Phil also told the story of the fall of 1985. Phil Sr. lay seriously ill in a Wheeling, W.V. hospital, his sons at his bedside, night after night. Phil, with the Yankees by then, was at 299 wins, and agonizing whether he should leave his father’s side and return to New York for 300.
His father had been unable to speak for days, but started moving his hand, wishing to write something. Phil found a pencil and piece of paper and his father scrawled out, nearly illegibly, “Win. Happy.”
“Which meant,” Phil said, “if I’d go win the game, he’d be happy.”
Phil went to New York…and lost. He lost again, and again, and again. Then came the final day of the season.
“I have one last chance,” he said. “I’m 46, it’s the last year of my contract. I think it might be my last start in baseball. I’ve got to win because I’ve got that piece of paper, though I couldn’t read it anymore because I’d taken it out so many times. Me and Joe stayed up all night talking about the game. We didn’t get to bed until 4 a.m. It was getting light.”
That Sunday afternoon in Toronto, Niekro shutout the Blue Jays for No. 300. Back in Wheeling, the ailing father who had not spoken in weeks was following the game and suddenly looked at his wife in the eighth inning and said, “He’s pitching a hell of a game.”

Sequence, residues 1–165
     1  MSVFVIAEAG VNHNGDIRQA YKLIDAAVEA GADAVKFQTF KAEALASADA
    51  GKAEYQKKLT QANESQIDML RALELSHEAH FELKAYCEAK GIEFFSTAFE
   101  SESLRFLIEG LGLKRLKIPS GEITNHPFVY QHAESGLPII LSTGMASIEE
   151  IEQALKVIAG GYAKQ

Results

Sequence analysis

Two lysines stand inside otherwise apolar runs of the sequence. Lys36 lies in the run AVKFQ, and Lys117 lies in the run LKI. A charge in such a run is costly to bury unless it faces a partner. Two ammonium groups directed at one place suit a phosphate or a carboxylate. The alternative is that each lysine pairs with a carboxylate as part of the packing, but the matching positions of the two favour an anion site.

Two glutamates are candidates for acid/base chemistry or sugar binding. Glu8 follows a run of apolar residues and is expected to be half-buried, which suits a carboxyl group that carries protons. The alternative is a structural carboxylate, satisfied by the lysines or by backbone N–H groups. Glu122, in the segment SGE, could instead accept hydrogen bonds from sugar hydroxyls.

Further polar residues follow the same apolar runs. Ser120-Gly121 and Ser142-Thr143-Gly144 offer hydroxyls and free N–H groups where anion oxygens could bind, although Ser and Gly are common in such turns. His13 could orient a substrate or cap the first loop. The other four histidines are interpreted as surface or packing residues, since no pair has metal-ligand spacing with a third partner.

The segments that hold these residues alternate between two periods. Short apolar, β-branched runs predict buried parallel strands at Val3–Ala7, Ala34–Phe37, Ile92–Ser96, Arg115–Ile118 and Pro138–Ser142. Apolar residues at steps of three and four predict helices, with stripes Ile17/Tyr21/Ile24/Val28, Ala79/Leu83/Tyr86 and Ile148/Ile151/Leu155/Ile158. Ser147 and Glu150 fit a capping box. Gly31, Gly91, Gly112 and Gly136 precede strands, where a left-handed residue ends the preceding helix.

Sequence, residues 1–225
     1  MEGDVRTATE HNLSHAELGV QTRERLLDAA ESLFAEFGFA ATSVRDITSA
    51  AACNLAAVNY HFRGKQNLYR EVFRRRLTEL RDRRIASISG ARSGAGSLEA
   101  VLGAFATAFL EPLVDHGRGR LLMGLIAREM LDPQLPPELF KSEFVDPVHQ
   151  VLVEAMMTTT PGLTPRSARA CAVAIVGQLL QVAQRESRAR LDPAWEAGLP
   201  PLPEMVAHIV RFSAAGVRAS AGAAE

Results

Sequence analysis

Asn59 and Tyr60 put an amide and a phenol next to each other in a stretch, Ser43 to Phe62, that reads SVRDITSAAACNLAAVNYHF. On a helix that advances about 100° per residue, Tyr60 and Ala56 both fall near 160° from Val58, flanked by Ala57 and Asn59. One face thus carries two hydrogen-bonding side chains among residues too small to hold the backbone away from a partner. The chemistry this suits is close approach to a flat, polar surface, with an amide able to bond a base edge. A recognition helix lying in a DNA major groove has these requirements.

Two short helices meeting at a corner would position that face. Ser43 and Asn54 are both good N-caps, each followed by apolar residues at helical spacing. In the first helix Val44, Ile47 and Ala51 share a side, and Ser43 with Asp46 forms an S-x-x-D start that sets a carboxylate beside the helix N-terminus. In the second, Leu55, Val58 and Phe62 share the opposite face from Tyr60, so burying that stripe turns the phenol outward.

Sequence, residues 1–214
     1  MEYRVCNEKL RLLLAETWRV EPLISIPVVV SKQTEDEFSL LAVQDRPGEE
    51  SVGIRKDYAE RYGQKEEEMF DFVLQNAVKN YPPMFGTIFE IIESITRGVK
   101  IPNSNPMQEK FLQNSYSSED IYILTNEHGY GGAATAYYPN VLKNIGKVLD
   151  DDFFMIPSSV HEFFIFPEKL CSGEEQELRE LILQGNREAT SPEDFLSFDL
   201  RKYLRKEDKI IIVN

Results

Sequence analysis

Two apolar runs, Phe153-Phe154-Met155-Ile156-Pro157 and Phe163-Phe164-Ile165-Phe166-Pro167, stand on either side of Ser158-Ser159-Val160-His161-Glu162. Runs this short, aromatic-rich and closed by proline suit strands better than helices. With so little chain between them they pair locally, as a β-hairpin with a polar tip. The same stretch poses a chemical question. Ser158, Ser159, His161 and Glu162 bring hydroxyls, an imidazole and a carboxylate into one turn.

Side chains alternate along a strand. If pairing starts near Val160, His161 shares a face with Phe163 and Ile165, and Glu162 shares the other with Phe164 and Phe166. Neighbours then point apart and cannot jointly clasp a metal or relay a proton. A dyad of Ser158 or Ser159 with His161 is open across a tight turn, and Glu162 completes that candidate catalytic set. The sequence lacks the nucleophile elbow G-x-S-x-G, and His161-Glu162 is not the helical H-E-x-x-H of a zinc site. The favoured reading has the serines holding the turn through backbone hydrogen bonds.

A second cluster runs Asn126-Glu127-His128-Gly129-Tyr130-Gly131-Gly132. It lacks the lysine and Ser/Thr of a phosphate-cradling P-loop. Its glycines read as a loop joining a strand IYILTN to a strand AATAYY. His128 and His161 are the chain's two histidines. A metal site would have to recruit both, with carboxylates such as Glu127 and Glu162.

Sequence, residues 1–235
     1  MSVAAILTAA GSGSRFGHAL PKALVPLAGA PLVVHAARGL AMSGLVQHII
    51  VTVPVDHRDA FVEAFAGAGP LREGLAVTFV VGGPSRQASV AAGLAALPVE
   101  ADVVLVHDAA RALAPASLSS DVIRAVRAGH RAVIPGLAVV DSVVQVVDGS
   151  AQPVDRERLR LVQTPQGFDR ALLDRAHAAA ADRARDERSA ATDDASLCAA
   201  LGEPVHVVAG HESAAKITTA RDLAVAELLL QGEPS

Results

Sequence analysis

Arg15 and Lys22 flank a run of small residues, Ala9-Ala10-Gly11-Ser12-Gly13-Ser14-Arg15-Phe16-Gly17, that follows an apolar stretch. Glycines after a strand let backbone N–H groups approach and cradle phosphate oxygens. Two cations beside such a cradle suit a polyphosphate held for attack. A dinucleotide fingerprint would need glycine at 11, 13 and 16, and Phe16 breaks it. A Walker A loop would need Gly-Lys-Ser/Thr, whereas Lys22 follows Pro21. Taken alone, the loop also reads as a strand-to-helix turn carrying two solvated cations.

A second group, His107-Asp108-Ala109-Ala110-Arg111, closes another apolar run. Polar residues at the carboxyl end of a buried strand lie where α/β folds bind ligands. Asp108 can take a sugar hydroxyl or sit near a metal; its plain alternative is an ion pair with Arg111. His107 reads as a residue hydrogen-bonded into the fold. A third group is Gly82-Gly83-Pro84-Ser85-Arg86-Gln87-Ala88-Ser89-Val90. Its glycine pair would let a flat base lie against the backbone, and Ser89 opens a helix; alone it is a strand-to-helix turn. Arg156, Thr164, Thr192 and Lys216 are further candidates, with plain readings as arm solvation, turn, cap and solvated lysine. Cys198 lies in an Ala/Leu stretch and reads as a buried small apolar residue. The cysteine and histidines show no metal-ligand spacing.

After the victory, Phil flew back to Wheeling, “I walk in the hospital, and he was laying in bed with a smile on his face. I gave him the ball and the cap.”
The elder Niekro would recover and live nearly three more years, time for Phil to squeeze out a couple of more seasons and Joe to pitch in the World Series.
“He’d seen one son win 300 games and he’d seen one son pitch in the World Series. He’d seen all he wanted to see, and he left,” Phil said. “I couldn’t tell that story for so many years. I couldn’t get through it.”
And so it went this past vibrant weekend, when Indianapolis swept Charlotte. Fireworks on Friday, when the Indians won 5-1 despite going 1-for-10 with runners in scoring position. Free hotdogs for the kids on Sunday, when Angel Sanchez won for the 13th time this season, matching the high in all of minor league baseball.
And in between, a Saturday night which began with Niekro throwing the ceremonial first pitch to his old Yankee catcher and current Indians hitting coach Butch Wynegar, and ended with Bell’s walk-off single.
How much Bell did know about the Hall of Fame special guest? Not much. “I feel bad about that. I wish I would have been a little bit more of a fan growing up,” he said.
But he did know the pitch that was so good to Niekro. And he did remember facing knuckleballer R.A. Dickey of the Mets in spring training.
“I hit the ball about four feet,” he said. “I’m glad more pitchers don’t throw it.”
He and Glasnow have their whole careers ahead. Phil Niekro long ago came, spent 24 years, and went. They are of different times and different worlds, but they were connected by baseball one special night in Victory Field.
(Click here to view an interview Niekro did Aug. 1 with longtime Indians broadcaster Howard Kellman.)
Mike Lopresti is a Ball State University graduate and Richmond, Ind. native and resident. He was a sports columnist for Gannett newspapers and USA Today for 31 years, and covered 30 World Series and 33 Major League Baseball All-Star Games. He is a voter for Baseball Hall of Fame. When he retired he was 16th in nation in seniority on Baseball Writers Association of America.